Today William Jacobson, creator of the acclaimed conservative blog Legal Insurrection, visited my Independent Media class and provided us with a wealth of information. Although he and I have different commentary on most political and social issues, we both value the blogosphere itself. He was generous in answering our questions and open about how he got to where he is today. Here are just three lessons that I learned from his presentation.
1. You don’t need to be Internet-savvy to be a blogger.
In 2008, a friendsuggested to Jacobson that he should write a blog. At the time, Jacobson had never even heard of a blog. But he, like many others with something to say, set up a Google blogspot site and began posting daily content. Personally,I’m less attuned to technology than the average millennial, so sometimes I worry about journalism’s reliance on online media. With this story, Jacobson reminded me that it’s what you have to say that counts, and that the Internet is the perfect space for self-teaching if you don’t know how to do something online.
2. It pays to pay for what you want.
This certainly isn’t a tip I can always actualize, but I think it’s important to consider. Clearly, Jacobson’s blogspot became insufficient, and after a few years he decided that self-hosting his blog through a company would allow for more privacy and freedom. Throughout the years, he has had different expensive site features designed, including the soon-debuting mobile version of the site.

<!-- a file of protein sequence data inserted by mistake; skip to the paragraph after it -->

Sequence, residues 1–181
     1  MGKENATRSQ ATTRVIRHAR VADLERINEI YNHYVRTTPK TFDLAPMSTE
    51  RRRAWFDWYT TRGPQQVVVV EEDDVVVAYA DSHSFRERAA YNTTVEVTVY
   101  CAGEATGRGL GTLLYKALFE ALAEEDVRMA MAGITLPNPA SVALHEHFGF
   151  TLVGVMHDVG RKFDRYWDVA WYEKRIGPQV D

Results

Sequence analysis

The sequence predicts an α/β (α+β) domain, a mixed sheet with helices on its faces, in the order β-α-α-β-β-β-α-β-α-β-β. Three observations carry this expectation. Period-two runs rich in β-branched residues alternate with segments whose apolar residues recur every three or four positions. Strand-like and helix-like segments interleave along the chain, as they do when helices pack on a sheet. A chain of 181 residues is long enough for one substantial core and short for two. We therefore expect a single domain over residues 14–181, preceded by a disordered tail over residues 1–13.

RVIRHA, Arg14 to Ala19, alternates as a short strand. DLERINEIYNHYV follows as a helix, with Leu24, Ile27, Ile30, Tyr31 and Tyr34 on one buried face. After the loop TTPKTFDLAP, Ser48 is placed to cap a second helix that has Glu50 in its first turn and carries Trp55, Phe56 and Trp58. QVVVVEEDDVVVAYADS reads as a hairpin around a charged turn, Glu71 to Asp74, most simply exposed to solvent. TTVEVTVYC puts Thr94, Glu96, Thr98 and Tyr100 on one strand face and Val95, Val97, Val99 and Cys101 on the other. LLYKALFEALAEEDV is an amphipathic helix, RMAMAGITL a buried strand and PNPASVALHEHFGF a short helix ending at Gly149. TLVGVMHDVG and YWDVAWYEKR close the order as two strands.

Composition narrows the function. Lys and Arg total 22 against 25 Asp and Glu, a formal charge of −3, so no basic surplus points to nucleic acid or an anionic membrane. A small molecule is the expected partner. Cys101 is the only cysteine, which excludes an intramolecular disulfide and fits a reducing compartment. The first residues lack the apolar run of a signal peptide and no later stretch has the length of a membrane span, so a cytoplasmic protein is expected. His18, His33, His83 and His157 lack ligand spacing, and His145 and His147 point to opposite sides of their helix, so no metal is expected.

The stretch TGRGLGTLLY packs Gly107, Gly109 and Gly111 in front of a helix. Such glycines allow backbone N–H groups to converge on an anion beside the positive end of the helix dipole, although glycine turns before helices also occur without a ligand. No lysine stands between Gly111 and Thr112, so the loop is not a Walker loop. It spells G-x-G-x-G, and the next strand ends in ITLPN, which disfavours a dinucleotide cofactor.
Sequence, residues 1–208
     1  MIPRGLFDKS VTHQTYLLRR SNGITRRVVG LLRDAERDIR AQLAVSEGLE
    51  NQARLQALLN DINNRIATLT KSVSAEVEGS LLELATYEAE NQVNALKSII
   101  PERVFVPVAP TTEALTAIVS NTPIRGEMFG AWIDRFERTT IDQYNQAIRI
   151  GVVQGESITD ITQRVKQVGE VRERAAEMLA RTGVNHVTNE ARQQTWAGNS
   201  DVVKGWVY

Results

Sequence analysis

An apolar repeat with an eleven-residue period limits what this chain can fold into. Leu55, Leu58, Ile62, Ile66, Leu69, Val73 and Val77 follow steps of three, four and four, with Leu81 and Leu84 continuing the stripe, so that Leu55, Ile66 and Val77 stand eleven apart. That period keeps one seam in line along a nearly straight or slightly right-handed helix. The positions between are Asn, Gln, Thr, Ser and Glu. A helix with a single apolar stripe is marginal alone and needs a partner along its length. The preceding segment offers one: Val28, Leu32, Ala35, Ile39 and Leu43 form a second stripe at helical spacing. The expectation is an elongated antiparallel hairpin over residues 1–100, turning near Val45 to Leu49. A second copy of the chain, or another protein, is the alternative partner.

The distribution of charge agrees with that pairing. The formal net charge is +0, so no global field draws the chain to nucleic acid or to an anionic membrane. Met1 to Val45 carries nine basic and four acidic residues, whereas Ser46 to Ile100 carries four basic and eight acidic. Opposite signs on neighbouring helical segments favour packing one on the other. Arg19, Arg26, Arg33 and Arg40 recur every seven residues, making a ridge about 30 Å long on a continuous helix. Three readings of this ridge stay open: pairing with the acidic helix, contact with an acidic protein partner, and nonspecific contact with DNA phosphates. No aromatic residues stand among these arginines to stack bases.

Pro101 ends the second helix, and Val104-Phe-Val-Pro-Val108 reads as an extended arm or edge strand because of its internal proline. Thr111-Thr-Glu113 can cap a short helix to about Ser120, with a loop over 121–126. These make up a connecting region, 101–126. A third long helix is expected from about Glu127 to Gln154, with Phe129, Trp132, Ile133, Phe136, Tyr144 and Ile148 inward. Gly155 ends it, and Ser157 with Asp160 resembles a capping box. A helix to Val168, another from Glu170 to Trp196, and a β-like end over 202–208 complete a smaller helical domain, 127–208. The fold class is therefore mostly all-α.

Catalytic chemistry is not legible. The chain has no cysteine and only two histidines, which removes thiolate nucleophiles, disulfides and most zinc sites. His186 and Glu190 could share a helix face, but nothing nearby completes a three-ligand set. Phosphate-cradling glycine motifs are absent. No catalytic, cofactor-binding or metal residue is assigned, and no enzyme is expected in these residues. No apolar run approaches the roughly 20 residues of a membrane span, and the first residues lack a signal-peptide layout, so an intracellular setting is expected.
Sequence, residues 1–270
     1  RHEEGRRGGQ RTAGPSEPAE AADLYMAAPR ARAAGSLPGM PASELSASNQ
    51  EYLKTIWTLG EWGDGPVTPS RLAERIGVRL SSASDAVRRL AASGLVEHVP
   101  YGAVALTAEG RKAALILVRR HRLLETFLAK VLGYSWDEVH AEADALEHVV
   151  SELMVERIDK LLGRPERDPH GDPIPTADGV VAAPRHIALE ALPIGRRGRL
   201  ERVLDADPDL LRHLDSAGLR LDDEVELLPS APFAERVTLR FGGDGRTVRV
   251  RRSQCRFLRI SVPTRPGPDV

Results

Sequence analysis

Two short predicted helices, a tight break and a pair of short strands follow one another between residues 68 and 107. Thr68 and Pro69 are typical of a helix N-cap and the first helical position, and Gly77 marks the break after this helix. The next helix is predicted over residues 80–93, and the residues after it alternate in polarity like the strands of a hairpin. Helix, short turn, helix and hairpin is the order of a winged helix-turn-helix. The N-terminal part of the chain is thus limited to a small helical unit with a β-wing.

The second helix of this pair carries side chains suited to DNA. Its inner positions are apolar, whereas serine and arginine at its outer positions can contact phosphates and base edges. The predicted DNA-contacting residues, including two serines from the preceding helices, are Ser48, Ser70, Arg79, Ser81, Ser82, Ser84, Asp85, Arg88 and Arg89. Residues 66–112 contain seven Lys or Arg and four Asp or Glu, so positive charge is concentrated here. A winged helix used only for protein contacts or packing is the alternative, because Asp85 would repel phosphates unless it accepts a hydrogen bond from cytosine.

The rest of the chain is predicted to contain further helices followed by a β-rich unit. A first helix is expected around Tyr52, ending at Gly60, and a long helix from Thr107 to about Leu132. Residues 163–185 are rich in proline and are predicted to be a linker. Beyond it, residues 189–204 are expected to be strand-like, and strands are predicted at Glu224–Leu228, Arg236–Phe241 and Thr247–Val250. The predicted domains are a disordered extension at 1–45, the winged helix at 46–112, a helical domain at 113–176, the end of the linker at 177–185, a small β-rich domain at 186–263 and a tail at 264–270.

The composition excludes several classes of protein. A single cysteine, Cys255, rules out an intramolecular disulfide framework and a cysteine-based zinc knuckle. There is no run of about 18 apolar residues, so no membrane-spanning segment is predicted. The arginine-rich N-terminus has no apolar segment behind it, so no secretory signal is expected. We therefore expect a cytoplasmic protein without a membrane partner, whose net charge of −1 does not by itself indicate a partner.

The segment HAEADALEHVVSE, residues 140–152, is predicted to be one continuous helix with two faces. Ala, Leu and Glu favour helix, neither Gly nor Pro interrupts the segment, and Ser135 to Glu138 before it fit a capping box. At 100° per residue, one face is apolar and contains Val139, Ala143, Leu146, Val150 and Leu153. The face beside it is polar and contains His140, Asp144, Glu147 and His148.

3. Make connections with other bloggers.
Jacobson said that readers love his Post of the Day, Blog of the Day and Video of the Day (in image above) sidebar on his site, which links them to other blogs, often ones with which Jacobson already has a relationship. In turn, those blogs will often link back to Jacobson’s content. There’s a symbiotic relationship that arises when two outlets of similar ideology commend each other; it creates a culture of support. Jacobson recommended going to blog conferences in the “real world,” something that he was initially averse to but has since begun to value. As he said, no matter how smart you are, no one will be reading unless you promote with your peers. And until people start reading, well, “you’re just shouting in the darkness.” Networking is a practical way to crawl out of that darkness and set yourself apart from the thousands of others in the blogosphere.